In this conversation, Julija discuses STEM, makerspaces, schooling and homeshooling, and how to motivate children so that they learn because they want to, not because they have to.


Episode notes

[00:00] Introduction - Introducing Julija McDowel

[01:16] Peter and Marcus meet Julija at TinkerTank and discuss the facility's purpose (

[04:12] Julija talks about her background at George Lucas's Industrial Light & Magic

[08:01] Children at TinkerTank learn how to make YouTube videos and animation

[09:33] How to teach children without them thinking that they are in school: Create a fun environment ("try not to be like a school")  - Project Based Learning

[12:15] Hiring mentors: by word of mouth

[14:04] Age group targets: main group ages 7-12 - Finding ways to motivate ages 12-16 to rediscover science

[15:02] Advice for parents and teachers for motivating older children: surprise them and inspire with new and exciting things

[18:35] If money wasn't an issue what would Julija do with her company

[21:20] Makerspaces in Australia vs the US: differences in focus

[23:43] Changes in learning ways and expectations of students and parents over the last 10-20 years

[24:58] Homeschooling benefits and alternatives for working parents

[28:22] TinkerTank's schedule and approach, similarities and differences with Montessori

[31:29] Examples of Student-Led Learning and Length of Program

[34:29] Art Integration: creativity in everything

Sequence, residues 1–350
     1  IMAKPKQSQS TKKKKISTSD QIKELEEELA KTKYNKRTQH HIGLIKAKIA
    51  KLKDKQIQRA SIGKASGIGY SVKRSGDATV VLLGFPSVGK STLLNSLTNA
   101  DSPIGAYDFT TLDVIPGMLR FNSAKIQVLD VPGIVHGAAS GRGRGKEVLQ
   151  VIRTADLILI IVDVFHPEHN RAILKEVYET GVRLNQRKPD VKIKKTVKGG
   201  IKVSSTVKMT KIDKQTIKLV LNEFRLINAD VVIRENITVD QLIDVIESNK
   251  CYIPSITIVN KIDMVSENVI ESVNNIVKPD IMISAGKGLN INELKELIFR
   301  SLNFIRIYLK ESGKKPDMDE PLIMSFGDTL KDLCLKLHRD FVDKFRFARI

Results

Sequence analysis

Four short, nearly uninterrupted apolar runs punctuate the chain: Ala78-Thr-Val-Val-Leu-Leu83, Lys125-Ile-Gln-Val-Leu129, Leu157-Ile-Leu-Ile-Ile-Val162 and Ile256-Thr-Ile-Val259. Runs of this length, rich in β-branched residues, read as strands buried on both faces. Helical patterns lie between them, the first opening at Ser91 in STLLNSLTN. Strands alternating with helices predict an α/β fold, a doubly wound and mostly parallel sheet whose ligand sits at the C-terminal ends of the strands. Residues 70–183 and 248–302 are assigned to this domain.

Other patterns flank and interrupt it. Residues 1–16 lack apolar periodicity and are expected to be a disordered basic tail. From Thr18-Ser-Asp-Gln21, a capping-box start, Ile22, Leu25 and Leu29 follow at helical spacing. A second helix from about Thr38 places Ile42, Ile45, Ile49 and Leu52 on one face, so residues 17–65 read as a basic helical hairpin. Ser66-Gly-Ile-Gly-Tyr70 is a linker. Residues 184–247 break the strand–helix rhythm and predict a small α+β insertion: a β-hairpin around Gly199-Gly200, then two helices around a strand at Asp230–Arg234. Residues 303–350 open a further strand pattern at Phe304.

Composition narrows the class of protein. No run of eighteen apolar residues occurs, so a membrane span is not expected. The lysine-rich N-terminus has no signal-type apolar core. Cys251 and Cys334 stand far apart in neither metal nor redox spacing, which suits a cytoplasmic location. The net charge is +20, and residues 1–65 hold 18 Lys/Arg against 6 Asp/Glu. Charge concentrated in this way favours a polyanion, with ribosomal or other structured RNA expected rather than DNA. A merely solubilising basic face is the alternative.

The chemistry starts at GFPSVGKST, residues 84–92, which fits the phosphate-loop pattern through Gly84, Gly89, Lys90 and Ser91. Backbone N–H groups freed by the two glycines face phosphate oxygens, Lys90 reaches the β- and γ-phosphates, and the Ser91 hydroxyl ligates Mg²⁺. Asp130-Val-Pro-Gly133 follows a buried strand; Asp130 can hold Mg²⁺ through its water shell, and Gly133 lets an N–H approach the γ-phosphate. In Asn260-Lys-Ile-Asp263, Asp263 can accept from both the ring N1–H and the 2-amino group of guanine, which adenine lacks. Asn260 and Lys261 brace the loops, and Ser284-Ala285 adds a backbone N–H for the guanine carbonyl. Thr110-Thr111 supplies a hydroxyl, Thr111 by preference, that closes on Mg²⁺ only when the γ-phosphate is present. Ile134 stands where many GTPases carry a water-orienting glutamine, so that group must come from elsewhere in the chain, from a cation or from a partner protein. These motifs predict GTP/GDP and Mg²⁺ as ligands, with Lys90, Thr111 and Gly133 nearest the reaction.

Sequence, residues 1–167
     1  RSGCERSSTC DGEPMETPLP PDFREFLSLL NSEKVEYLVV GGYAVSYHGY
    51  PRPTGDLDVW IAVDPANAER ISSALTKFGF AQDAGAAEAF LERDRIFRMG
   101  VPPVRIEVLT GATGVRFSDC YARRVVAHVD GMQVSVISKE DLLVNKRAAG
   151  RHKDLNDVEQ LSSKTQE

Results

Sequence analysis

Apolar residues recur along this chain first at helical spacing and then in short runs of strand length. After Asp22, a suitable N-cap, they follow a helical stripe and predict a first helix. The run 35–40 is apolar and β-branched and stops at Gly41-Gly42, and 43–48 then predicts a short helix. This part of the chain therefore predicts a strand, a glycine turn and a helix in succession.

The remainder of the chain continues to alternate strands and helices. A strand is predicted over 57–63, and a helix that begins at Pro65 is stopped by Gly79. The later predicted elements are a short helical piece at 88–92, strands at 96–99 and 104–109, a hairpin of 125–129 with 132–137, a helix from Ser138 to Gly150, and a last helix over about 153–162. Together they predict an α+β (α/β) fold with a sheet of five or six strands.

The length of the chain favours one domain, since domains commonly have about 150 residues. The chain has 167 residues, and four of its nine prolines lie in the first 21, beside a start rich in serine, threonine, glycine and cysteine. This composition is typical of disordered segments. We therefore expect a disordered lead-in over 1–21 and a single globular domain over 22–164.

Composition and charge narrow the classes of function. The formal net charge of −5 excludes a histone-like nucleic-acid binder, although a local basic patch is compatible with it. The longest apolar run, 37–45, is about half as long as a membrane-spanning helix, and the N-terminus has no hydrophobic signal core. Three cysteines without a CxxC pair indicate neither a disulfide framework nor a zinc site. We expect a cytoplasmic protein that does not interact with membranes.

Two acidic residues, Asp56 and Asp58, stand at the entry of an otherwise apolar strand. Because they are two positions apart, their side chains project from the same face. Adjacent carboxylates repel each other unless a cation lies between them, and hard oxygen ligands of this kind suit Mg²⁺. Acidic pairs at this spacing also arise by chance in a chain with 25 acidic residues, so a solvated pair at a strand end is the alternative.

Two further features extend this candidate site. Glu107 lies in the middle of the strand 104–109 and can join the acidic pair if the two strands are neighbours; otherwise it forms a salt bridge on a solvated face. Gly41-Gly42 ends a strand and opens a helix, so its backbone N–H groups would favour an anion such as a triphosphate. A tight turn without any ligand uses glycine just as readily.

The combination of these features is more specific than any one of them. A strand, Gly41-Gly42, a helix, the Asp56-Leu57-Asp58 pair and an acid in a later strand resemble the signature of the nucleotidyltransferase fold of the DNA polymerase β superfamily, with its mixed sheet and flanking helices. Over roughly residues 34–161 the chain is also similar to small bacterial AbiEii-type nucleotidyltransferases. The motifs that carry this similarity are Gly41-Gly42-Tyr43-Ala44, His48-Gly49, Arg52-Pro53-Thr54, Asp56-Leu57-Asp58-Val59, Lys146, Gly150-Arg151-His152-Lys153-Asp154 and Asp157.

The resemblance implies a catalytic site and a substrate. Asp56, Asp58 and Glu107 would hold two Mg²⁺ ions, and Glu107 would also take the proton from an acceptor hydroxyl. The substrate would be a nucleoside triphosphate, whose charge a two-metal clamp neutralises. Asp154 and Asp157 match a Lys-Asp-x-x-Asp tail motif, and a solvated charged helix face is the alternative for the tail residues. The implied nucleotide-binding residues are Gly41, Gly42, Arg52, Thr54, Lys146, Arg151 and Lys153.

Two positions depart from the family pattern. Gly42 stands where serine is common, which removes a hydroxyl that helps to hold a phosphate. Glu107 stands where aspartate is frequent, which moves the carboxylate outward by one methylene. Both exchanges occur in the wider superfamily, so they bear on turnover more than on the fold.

[36:16] Choice of equipment for TinkerTank

[40:13] Discussion about littleBits

[42:10] Learning through making: Troubleshooting skills development

[43:25] Rapid Fire Questions

[43:50] Who has been the Most Influential Person for Julija: Sir Ken Robinson

[44:19] Favorite Teaching Book: John Holt's Books (regarding the choice of unschooling)

[45:29] What App can you not live without: Homeschooling App AT3N (, wich is now integrated into TinkerTank apps, and Social Media

[47:08] Advice to Educators just starting out: Believe in yourself and your kids and go with the flow, break outside of the box and keep learning

[48:00] Professional Development Conferences and Workshops: Raising Happy Kids Conference (Sydney) and SXSW Conferences

[50:32] Advice to Educators with non-STEM related backgrounds: Face your Fears

[51:31] Parting Thoughts, Dos and Dont's: Learn the Value of STEM and STEAM

[52:54] Open Days at TinkerTank


STEMiverse 0001 - Jenny Lynch and science communication

May 3, 2017

In this episode of STEMiverse, Marcus and I talk with Jenny Lynch.

Jenny wears many colorful hats, and depending on the day she is a science communicator, a trainer, an educator and a designer of science kits for toy companies. She is the founder of Creative Science, a Sydney-based science communication business.

In this conversation, Jenny shares with us her experiences and lots of actionable advice for science teachers.

This podcast is brought to you by Tech Explorations, a leading provider of educational resources for Makers, STEM students, and teachers. Go to to see a complete list of our books and courses covering the Arduino, Raspberry Pi and electronics.